18:02 GMT18 January 2021
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    Brussels is set to host another round of negotiations on the Transatlantic Trade and Investment Partnership, a controversial trade deal proposing the creation of a comprehensive free trade zone between Europe and the US. But according to some analysts, with President Obama set to leave office in January, time for negotiations is running out.

    The next round of negotiations over the trade pact is set to begin next week in Brussels. But the French government insists that there is virtually no chance for the agreement to be reached before the end of the Obama presidency. On Tuesday, French Trade Minister Matthias Fekl suggested that it was simply "impossible."

    "I think a deal in 2016 is impossible and everyone knows it, including those who say otherwise," the minister said, as quoted by AFP.

    "We are waiting for so many serious offers from the United States, and there is absolutely no chance of things happening before the end of the [President Barack] Obama administration," Fekl added.

    The minister also warned that that the Comprehensive Economic Trade Agreement, or CETA, which stipulates a free trade pact between Canada and the European Union, was also unlikely to be ratified this year, "because there is a lack of trust in internationalization, and a lack of delegation in the management of European security."

    Analysts believe that the United Kingdom's vote to leave the EU has significantly complicated TTIP negotiations. Following the Brexit vote, Chad Bown, a senior fellow at the Washington-based Peterson Institute for International Economics, suggested that the vote meant losing one of the trade deal's greatest proponents in the EU.

    "As the UK is part of the coalition of liberal trading economies in the EU, the US is losing one of the more like-minded countries from the group in Brussels sitting on the other side of the negotiating table," Bown said.

    Meanwhile, John Hilary, the executive director of the War on Want activist group, was more blunt, suggesting in the vote's aftermath that "Brexit may well be the last straw that broke the TTIP camel's back."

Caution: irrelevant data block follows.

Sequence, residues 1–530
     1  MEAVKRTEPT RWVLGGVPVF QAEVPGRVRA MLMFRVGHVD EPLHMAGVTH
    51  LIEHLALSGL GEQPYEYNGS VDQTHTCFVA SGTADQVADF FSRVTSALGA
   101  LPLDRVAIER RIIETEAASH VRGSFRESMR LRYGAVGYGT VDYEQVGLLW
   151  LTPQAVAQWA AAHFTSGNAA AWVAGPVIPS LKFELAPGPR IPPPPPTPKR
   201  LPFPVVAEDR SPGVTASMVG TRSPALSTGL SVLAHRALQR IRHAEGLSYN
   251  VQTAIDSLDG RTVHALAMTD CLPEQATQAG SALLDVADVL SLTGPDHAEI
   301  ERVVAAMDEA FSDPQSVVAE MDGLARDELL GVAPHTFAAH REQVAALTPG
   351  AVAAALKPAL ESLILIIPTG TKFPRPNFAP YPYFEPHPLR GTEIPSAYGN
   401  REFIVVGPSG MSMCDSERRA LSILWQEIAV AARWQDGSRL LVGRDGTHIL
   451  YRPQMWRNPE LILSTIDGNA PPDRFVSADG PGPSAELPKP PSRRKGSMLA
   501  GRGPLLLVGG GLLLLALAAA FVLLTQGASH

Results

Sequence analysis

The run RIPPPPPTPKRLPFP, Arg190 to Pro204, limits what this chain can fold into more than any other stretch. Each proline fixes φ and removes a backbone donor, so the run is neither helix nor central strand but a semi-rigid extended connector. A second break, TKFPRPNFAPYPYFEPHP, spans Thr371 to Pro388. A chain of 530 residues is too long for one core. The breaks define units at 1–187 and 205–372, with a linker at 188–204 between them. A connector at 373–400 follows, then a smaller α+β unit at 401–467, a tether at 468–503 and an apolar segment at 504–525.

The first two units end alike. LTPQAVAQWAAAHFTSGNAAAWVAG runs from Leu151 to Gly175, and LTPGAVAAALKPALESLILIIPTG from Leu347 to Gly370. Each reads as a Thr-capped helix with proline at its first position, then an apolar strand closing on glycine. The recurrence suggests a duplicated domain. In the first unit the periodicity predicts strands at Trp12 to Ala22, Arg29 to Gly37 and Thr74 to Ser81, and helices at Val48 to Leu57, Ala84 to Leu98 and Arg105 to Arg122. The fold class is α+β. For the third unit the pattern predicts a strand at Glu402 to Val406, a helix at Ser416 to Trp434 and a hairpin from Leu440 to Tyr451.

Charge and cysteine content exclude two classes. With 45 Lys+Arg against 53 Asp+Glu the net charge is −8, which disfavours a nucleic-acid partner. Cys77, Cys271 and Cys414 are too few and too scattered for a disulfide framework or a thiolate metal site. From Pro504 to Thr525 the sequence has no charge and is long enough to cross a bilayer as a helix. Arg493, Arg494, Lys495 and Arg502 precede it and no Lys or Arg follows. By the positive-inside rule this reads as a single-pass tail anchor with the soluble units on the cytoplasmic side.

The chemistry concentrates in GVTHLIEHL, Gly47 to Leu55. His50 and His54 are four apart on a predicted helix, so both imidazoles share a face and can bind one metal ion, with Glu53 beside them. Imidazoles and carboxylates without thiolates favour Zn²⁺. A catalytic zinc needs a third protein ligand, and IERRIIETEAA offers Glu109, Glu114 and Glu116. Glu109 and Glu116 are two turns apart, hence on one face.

Accordingly, it appears that the priorities of both Brussels and the leading European economies have quickly shifted: before negotiating with Washington, the bloc must first deal with Brexit's consequences.

    Subsequently, according to the Russian business news and analysis magazine Expert, the window of opportunity for Washington to come to an agreement with the Europeans is quickly closing. "President Barack Obama's term in office ends in January, and neither of the candidates in the race to take his place seem to want to commit themselves to concluding the trade deal."

    Presumptive Democratic candidate Hillary Clinton has voiced reservations over the TTIP. On the Republican side, Donald Trump has been even more blunt, indicating that he would halt TTIP negotiations, withdraw from the Trans-Pacific Partnership, and renegotiate or tear up the North American Free Trade Agreement.

    In 2017, European leaders expect to begin a new round of TTIP negotiations, but Expert suggested that French President Francois Hollande is unlikely to approve the controversial agreement in an election year. In 2018, elections are scheduled in Germany and Italy, which may move TTIP back further. According to Italian lawmaker and former Agriculture Minister Paolo De Castro, Europe and the US may have to wait "at least until 2020" to reach a deal.

    The Transatlantic Trade and Investment Partnership aims to slash trade barriers and open up the world's biggest free-trade zone between the US and the EU. While proponents of the deal have argued that the agreement would lead to an increase in trade, thereby boosting the economies of member states, critics have said that the free trade deal would only serve to transfer more power into the hands of oligarchic transnational business interests, undermining workers' rights, consumer protection, environmental interests, and privacy.


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    skepticism, commentary, Transatlantic Trade and Investment Partnership (TTIP), Brexit, European Union, Barack Obama, Europe, US, North America
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